Wednesday, April 03, 2013

An Act Concerning Gun Violence Prevention And Children's Safety

So, I'm pleased to say this is a good thing.

Full disclosure: I'm a licensed handgun owner. I possess a valid Connecticut State permit to carry handguns (although I never do, unless I'm going to a shooting range or a gun shop) and I enjoy the protections that the Second Amendment provides for me. I enjoy going to a range occasionally and putting holes in a paper target. This is one way that I have fun.

I don't see this new law changing that right in any way.

The State Senate today voted on and approved a bill that will ban certain types of guns and magazines, and control ammunition purchasing.

From the Hartford Courant:

Approval of the bill came at 6:38 p.m. by a 26-10 vote – with two of 22 Democrats and eight of 14 Republicans opposed. The measure was sent to the House, where approval was expected early Thursday. Gov. Dannel P. Malloy says he will sign the bipartisan bill once both legislative chambers approve it.

"This is a new and historic model for the country on an issue that has typically been the most controversial and divisive. We in Connecticut are breaking new ground today," Senate President Pro Tempore Donald Williams, D-Brooklyn, said near the end of the six-hour debate.

Senate Minority Leader John McKinney, R-Fairfield, whose district includes Newtown, said that since the mass killings, "I've been working, as have others … to see what we can do to heal that community — if we can do anything. What we can do to make Connecticut safer? … I'm proud that we've done that."

To hear these words out loud reflects what most of the state's citizens think is a move forward. Our leaders are breaking new ground in the effort to bring some sense to what our forefathers intended when they created our nation.

The State House will likely vote on this bill tomorrow (Thursday) and Governor Malloy has promised to sign it.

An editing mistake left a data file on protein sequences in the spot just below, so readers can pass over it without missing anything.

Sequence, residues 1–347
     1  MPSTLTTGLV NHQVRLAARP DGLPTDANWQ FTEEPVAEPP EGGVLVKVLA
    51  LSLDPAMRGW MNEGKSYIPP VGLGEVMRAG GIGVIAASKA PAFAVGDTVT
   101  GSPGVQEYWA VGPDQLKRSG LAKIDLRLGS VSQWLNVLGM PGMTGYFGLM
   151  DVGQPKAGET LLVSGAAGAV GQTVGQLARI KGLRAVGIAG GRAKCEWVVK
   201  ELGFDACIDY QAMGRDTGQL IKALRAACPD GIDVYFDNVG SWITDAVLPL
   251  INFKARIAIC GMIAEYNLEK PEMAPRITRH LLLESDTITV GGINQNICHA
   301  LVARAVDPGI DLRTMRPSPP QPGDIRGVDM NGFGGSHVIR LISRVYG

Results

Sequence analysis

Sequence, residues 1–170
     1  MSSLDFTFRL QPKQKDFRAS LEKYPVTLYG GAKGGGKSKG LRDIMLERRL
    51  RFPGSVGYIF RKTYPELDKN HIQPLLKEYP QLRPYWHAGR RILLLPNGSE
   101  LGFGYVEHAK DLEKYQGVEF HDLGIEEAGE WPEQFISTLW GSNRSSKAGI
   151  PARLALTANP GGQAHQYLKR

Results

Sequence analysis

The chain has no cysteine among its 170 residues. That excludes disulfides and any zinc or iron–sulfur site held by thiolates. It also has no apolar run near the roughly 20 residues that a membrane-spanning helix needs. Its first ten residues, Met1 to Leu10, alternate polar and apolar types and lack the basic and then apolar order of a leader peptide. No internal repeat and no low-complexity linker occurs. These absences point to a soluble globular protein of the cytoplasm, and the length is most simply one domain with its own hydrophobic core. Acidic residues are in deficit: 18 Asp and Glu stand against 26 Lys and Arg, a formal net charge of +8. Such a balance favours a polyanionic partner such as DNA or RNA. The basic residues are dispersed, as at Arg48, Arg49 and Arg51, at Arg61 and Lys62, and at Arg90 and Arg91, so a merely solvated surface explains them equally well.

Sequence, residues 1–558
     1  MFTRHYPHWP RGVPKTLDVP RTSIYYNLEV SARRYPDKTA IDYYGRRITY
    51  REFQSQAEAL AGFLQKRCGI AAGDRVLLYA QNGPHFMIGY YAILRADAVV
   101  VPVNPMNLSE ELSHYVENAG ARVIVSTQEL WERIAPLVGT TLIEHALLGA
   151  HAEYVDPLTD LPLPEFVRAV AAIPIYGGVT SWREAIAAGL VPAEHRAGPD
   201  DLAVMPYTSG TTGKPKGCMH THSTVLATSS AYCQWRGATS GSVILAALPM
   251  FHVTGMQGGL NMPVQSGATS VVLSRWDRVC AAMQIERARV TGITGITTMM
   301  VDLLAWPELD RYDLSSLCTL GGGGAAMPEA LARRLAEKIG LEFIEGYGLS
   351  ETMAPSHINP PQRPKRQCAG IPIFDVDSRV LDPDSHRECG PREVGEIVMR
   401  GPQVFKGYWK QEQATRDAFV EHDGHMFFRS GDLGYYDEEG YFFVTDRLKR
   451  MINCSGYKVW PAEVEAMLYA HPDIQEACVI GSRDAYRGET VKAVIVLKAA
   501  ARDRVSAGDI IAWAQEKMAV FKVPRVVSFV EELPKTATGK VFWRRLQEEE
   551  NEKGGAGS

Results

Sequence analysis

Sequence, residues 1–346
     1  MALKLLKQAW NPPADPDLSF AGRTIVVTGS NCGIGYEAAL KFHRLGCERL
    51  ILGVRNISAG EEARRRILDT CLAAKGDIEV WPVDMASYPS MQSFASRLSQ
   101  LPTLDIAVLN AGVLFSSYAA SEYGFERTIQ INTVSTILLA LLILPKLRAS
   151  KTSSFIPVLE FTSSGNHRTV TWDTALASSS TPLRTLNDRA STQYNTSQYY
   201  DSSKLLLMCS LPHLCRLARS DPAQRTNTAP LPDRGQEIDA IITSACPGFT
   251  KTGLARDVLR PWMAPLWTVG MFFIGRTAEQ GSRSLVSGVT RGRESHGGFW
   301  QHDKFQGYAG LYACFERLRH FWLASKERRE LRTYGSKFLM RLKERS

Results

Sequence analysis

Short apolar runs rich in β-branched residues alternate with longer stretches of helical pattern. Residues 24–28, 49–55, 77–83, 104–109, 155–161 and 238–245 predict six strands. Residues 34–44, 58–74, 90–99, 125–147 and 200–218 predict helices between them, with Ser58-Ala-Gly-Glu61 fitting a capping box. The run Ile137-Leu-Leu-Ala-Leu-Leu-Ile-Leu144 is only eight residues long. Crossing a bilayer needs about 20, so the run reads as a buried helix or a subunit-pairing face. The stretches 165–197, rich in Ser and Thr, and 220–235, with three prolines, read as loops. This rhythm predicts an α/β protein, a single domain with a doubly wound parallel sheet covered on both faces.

When this happens, our state will lead the nation in finally bringing some sanity to the debate about which kind of weapons are allowed to be owned legally. Keeping in mind that the 2nd Amendment was created during a time when there were absolutely NO repeating weapons, and a school massacre by a lone gunman would have necessitated a period of 30 to 60 seconds between each shot when the shooter had to pause to reload his black powder gun.

I wonder how many of those children would be alive today had the Newtown killer not had automatic weapons and 30-shot clips available during his rampage.


Daniel Jones said...

i'm also a pistol owner with a valid state permit to do so and a Ct resident, origionally born and raised in Newington, now residing in Manchester. I do not own, nor have i ever owned, a rifle of any kind or a shotgun of any kind.

I think thats great that this law will not infringe on your rights to go shoot at paper, but what of the rights of other to do the same? take away their right to shoot at paper bbecause of the look of their gun or the size of the magazine?

if youre shooting at a piece of paper with a pistol and a 10rd magazine, and the guy next to you is shooting at paper with a bushmaster and a 30rd magazine what is the crime? The actions of both individuals are the same and there is no victim of either of those actions, yet the individual next to you is looking at jailtime, not because of an action he commited being dangerous or invasive to another individual.

this is where the law becomes authoritarian. Murder, assault, robbery, manslaughter, even threatening, are all already crimes.

Now shooting at a piece of paper is a crime, heck, not even commiting an action, just owning something makes you criminal.

This is a step backwards, not forward.

CT Bob said...

I agree with you for the most part. Sadly, the massive availability of assault weapons has gotten so far out of control in our nation that it is far too easy for a nutcase to obtain the necessary firepower to destroy dozens of lives in an instant.

It really boils down to a matter of degree. Just as it's perfectly legal to own and operate a motor vehicle, I can't take a Nascar race car for a jaunt to the market at 180 mph. That would be unsafe for the public at large.

The same thing applies to advanced weaponry. If the 2nd Amendment was all encompassing of every conceivable weapon, then we'd all have the right to own RPGs, 50-cal machine guns, and tactical nuclear weapons. We need to draw the line somewhere, and I simply don't agree with the need for a 30-round clip for home protection.

Maybe if some of these people spent more time at the range, they wouldn't NEED 30 shots to hit what they're aiming at!